Adventures in Loving Our City
As I was looking back over my blog posts, I realized that it was just over two years ago that we decided to step away from working at Mountair Christian Church and jump into Edgewater Collective full-time. This made me reflect on the last two years of loving my city in a full-time role. Here are some of my realizations from this work:
People are yearning for relationships
As we have taken part in block parties, holiday gatherings in our home and other events, it is amazing how many people are yearning for relationships. Even in a hyper-connected, online world, people are lonely. Last Christmas, we had our neighbors into our home for holiday dessert and fun trivia. An older gentleman on our block sat and told stories about our street from when his kids were young. It is amazing how community can form by just opening up your home or your front yard for people to come together and tell stories.
Community change starts in neighborhoods
When I started connecting in Edgewater, I had grand dreams of community transformation. The more time I spend investing in our city, the more I have realized that true change starts when neighbors begin to connect with each other. Even small things like connecting with an elderly neighbor and receiving their phone number in case on an emergency can make a big difference. Building relationships with a family on the block can play a role in them sending their kindergarten child to the local neighborhood school.
Cities need connectors
Edgewater Collective is an outlier in the nonprofit world. We don’t have any programs, but focus our work on being connectors and catalysts. Much of my work is spent connecting different organizations and community stakeholders to needs and assets in our community. My role is to empower citizen led initiatives in our city through the community newspaper that Edgewater Collective publishes, the Edgewater Echo. As a connector, my role is to make others look great and not to draw attention to the work that we do. This makes fundraising hard, but it is essential to our role and mission.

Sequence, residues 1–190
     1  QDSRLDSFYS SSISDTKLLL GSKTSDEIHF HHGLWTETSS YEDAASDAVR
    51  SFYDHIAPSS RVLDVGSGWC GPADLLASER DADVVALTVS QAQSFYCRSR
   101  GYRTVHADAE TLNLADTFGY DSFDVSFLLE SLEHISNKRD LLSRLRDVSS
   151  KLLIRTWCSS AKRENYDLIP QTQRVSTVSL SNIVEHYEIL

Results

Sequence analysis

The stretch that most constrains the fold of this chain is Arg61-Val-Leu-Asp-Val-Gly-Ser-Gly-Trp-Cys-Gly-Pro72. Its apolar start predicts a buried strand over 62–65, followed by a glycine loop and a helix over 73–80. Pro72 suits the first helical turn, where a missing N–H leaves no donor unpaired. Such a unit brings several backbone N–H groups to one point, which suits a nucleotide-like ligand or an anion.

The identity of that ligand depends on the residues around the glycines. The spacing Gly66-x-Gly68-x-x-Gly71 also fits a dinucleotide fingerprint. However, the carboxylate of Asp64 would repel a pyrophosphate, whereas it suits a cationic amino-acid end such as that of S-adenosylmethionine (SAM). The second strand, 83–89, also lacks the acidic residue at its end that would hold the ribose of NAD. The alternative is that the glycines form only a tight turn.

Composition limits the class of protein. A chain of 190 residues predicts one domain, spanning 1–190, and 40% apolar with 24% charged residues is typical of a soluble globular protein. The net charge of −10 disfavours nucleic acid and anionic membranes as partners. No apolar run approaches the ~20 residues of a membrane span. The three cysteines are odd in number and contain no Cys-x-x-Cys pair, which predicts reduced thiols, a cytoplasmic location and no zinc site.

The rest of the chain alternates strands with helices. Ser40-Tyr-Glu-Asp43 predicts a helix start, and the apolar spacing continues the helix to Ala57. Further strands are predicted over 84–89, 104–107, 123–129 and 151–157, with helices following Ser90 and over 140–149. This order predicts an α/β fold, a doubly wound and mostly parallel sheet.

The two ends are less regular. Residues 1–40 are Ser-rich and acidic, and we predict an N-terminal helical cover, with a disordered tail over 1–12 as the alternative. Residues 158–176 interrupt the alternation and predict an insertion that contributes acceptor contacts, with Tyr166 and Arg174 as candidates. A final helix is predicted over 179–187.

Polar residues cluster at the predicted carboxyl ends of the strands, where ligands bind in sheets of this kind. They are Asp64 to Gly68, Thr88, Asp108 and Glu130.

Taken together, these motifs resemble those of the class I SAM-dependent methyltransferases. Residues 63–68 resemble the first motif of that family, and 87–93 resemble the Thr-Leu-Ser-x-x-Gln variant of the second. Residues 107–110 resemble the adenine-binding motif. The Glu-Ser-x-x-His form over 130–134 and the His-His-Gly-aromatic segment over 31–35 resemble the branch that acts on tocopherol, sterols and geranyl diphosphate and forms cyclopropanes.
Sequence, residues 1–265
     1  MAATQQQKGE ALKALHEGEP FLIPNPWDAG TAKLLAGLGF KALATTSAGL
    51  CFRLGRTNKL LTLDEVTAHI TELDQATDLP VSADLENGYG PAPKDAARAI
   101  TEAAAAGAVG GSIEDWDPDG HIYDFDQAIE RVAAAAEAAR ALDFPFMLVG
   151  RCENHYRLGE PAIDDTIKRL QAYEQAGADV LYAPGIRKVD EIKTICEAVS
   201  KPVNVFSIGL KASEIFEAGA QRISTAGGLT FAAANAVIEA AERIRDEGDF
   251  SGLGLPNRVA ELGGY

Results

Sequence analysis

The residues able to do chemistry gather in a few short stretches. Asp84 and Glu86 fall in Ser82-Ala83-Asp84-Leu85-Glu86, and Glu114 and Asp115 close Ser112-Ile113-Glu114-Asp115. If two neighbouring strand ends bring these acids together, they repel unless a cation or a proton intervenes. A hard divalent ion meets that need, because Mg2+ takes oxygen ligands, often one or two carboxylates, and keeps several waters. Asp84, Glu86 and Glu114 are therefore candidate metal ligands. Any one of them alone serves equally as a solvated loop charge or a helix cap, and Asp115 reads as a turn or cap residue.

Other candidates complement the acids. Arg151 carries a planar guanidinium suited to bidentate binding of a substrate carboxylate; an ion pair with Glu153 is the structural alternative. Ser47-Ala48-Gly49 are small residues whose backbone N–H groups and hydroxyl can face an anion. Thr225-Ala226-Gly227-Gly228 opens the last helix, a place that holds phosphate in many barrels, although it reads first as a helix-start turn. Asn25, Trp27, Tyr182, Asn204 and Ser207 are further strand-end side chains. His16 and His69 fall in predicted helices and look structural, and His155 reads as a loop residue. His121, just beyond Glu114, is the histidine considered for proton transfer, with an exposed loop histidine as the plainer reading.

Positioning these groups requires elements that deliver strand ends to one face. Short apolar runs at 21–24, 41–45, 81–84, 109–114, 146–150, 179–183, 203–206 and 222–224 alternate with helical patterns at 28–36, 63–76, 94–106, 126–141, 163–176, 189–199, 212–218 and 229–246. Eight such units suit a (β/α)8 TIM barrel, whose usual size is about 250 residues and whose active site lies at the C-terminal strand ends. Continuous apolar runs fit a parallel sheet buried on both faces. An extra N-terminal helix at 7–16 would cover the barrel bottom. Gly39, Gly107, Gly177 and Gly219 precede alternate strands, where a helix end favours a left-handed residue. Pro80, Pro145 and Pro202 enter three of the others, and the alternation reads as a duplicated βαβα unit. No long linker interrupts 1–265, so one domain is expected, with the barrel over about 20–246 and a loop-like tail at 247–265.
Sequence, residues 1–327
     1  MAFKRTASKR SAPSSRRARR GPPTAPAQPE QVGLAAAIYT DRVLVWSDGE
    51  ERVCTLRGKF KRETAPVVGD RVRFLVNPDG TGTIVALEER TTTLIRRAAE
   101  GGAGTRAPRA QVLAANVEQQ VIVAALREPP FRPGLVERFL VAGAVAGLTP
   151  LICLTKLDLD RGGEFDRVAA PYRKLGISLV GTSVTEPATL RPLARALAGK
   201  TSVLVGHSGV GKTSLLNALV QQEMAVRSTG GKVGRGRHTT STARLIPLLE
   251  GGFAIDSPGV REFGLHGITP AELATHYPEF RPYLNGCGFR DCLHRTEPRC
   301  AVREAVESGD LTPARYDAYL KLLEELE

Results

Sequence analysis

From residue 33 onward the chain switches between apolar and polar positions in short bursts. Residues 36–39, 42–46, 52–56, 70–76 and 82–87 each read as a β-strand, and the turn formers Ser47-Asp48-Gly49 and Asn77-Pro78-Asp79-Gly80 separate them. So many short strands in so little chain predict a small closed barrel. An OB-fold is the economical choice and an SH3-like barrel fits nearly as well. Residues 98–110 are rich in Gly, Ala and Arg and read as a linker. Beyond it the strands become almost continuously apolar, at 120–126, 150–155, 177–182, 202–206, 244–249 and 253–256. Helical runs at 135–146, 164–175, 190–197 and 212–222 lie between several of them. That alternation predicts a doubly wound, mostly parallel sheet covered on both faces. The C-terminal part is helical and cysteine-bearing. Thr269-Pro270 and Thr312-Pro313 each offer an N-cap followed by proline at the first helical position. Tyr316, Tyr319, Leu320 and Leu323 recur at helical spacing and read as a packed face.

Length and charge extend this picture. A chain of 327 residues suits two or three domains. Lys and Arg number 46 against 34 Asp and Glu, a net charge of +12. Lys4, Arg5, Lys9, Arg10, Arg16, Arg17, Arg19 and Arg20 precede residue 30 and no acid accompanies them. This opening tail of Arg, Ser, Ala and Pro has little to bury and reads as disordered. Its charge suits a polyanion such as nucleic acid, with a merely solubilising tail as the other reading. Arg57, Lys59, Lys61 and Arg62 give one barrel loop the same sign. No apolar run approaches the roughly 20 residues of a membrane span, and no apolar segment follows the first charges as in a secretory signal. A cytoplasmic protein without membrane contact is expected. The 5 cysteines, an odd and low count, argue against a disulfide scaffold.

Leading an initiative like this takes faith
Though Edgewater Collective is not a faith-based organization, I am faith-motivated. Leading a nonprofit takes a lot of faith. Edgewater Collective is a shoestring operation that exists only by the generosity of partners who believe in our work. This role has taught me to have faith that God will provide, but still realizing that I have a role in telling the stories of what is happening in our community as a result of our work.
I love Edgewater
Our family lives, works and plays in an area that is less than a square mile called Edgewater. We love our city. I love the generational and racial diversity that exists in our city. I love the diversity of opinions that exist here. I love the history of Edgewater and hearing the stories of people who have lived here for years. Throughout the month of September I will be connecting with numerous Edgewater residents at block parties through the city. We have partnered with our local brewery to offer Joyride beer to the block parties along with information about community resources. I love connecting with residents in gatherings like this and hearing their stories. I truly believe that Edgewater can be a community where each person can thrive. If we can’t see community change in a small area like Edgewater, we won’t be able to see it at a state or country level.
If you would like to partner with us in this important work, I would love to connect with you. Send me an email at email@example.com and I’ll treat you to coffee at our local coffee shop or a brew at Joyride. I would love to take you on a tour of our city and tell you some of the stories of Edgewater. It is through the generosity of people like you that we can continue to do this important work.